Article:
2 Reasons why the Marlins Shouldn't Sign Tim Anderson

Anderson is in decline and won't be a long term answer

Sep 30, 2023; Chicago, Illinois, USA; Chicago White Sox shortstop Tim Anderson (7) singles against
Sep 30, 2023; Chicago, Illinois, USA; Chicago White Sox shortstop Tim Anderson (7) singles against / Kamil Krzaczynski-USA TODAY Sports
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The Miami Marlins still haven't figured out who will be starting shortstop this season, and with Spring Training games about to begin, they are trying to figure it out as soon as possible. The Marlins reportedly offered Tim Anderson a one year contract but it has not been agreed upon, as Anderson is wanting a multi-year deal. The White Sox declined Anderson's $14 million option at the end of the season as he was at the end of his 6 year, $25 million contract and he made over $12 million last year with the White Sox. That is a much heavier price than the Marlins or any team has been willing to pay so far, as Anderson remains unsigned as a result. The Marlins need a shortstop but they need a long term option that will fit their team and payroll needs. Here are two reasons why the Marlins should avoid signing Tim Anderson.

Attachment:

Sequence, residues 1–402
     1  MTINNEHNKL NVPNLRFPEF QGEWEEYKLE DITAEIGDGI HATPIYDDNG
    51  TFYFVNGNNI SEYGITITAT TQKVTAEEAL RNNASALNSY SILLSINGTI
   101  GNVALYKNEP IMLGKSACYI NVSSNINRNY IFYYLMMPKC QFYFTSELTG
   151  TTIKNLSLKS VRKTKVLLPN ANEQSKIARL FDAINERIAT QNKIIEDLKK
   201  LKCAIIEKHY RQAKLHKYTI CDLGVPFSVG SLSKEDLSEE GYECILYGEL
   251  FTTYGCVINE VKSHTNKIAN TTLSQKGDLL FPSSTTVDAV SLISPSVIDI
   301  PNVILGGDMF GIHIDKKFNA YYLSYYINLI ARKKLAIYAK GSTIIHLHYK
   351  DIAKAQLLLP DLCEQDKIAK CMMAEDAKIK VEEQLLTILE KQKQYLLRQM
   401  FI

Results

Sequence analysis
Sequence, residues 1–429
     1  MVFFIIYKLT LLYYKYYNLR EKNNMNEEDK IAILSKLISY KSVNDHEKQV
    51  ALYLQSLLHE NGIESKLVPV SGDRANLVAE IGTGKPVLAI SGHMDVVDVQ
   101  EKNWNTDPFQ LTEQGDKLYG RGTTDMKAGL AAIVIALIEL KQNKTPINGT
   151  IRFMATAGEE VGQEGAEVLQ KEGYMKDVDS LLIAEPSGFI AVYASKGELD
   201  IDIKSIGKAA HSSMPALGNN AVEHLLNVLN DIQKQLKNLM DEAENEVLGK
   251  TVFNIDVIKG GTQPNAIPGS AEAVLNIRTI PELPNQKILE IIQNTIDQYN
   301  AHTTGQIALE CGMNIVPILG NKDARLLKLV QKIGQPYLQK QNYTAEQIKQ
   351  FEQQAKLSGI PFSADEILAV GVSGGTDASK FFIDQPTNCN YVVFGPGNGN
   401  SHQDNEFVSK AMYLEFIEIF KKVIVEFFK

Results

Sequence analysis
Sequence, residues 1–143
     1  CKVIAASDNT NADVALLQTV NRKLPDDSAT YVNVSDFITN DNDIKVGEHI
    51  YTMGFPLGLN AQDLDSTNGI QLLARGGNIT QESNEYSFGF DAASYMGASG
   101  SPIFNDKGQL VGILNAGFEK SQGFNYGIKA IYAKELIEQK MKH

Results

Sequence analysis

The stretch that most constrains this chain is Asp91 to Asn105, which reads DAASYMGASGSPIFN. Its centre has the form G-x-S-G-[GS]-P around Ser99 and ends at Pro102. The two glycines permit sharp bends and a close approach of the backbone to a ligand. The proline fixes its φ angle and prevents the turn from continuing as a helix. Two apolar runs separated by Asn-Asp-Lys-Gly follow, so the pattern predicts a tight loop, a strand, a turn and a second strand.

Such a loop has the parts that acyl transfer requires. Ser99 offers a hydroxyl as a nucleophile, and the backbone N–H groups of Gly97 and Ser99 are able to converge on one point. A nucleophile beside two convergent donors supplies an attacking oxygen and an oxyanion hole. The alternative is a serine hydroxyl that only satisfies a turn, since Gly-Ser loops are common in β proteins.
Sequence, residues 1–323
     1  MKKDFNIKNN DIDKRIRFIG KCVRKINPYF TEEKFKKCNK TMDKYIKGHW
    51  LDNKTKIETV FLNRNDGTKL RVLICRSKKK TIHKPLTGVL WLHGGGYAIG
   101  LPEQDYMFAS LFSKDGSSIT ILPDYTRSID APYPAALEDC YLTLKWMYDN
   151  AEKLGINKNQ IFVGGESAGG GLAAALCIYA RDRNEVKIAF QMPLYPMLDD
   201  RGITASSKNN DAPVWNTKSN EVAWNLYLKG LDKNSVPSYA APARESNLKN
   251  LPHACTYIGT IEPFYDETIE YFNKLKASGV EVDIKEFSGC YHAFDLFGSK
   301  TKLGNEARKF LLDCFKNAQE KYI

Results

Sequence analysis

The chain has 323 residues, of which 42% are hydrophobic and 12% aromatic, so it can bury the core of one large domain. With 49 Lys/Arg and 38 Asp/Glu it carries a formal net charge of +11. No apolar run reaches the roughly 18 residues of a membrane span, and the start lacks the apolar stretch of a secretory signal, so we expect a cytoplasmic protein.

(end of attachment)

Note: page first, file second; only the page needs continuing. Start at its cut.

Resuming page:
The Marlins need a shortstop but not Tim Anderson

Reason 1 - Performance

Tim Anderson was a highly touted shortstop with years left in his career after his 2018 breakout season where he hit .240 with 20 home runs, 64 RBI, and 26 stolen bases. Anderson continued hitting home runs and followed that full season with 2 more stellar full seasons with 18 and 17 home runs each and his average hoved around .300. The Marlins would welcome such production, yet in the past two season Anderson has not come close to those numbers and he is only getting older.

Tim Anderson will turn 31 in the early parts of the 2024 season and last season he hit only 1 home run, drove in 25 and hit .245. The season prior Anderson hit 6 home runs and 25 RBI while hitting .301, Both of these past two seasons were not the production the Marlins would want from a shortstop making millions of dollars a year. Anderson's 2023 season could have been a fluke, but it appears his power has dwindled and he is left to be a top 30 shortstop at best, and a top 60 at worst.